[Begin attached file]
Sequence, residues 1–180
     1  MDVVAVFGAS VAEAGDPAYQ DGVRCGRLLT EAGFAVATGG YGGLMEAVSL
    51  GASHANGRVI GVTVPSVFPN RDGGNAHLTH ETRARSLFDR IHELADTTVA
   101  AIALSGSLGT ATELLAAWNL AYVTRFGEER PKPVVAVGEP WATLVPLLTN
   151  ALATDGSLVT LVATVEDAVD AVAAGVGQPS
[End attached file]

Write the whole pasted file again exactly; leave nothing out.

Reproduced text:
Sequence, residues 1–180
     1  MDVVAVFGAS VAEAGDPAYQ DGVRCGRLLT EAGFAVATGG YGGLMEAVSL
    51  GASHANGRVI GVTVPSVFPN RDGGNAHLTH ETRARSLFDR IHELADTTVA
   101  AIALSGSLGT ATELLAAWNL AYVTRFGEER PKPVVAVGEP WATLVPLLTN
   151  ALATDGSLVT LVATVEDAVD AVAAGVGQPS